This is evident from statistics released by the Pakistan Bureau of Statistics with total exports of 2.384 billion dollars in October 2022, 2.391 billion dollars in November, 2.323 billion dollars in December, 2.244 billion dollars in January and 2191 billion dollars in February when the government was forced to accede to the IMF demand to stop this facility; and (ii) controlling the rupee dollar parity, a flawed policy decision associated with Dar, impacted on export growth.
Some disturbing discrepancies in numbers are also noteworthy even though the statistical appendix has been severely cut to size (only three pages) with a focus on percentages rather than total figures (excepting GDP).
The claim that GDP grew by 0.29 percent in the current year is questionable when the statistical appendix indicated a GDP of 375.4 billion US dollars in 2021-22 and 341.6 billion dollars in 2022-23 (a 9 percent decline) though in rupee terms it rose from 66.6 trillion rupees to 84.7 trillion rupees (24.7 percent rise).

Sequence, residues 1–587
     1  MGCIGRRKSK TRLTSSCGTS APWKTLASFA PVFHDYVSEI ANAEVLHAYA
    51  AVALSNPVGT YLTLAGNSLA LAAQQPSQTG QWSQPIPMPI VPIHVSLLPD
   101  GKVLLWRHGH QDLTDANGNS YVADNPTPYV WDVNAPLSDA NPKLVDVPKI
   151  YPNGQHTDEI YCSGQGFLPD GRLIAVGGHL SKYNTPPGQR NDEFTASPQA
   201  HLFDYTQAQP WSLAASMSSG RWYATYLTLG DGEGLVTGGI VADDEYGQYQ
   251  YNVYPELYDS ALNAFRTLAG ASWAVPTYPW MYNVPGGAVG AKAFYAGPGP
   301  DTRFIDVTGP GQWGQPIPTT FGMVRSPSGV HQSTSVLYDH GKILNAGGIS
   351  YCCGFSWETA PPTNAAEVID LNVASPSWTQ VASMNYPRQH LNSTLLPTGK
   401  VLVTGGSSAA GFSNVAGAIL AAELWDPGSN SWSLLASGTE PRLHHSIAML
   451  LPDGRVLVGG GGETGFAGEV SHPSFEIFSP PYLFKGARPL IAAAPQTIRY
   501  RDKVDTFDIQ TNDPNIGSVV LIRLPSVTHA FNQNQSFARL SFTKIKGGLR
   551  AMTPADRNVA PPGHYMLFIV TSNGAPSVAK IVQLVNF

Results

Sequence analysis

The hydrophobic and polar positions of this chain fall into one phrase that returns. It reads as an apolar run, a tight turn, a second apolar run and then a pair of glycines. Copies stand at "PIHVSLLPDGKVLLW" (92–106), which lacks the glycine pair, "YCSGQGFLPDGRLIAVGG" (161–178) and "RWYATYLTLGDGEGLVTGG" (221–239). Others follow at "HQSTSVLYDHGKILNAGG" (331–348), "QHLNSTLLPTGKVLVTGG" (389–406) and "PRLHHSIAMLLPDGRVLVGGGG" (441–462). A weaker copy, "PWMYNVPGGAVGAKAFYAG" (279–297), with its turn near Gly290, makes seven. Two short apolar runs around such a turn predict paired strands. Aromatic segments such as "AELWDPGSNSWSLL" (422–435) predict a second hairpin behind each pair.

Household consumption the Survey notes remained unaffected by inflationary pressures though it declined as a percent of GDP from 84.85 percent last year to 83.43 percent in the current year – a decline reflecting the forced tightening of the kitchen budget as fuel and utility prices were raised, and unemployment soared.
To conclude, the Survey lacks a competent economic analysis and provides data that is geared towards showing a resilient economy rather than on a true picture that can be used to take informed policy decisions.
The Finance Minister, a man known to lack economic prowess by refusing to learn from past mistakes, which he claims as successes ad nauseum, continued the same theme: claiming successes without corroborating data and blaming his predecessors for the current impasse.
Copyright Business Recorder, 2023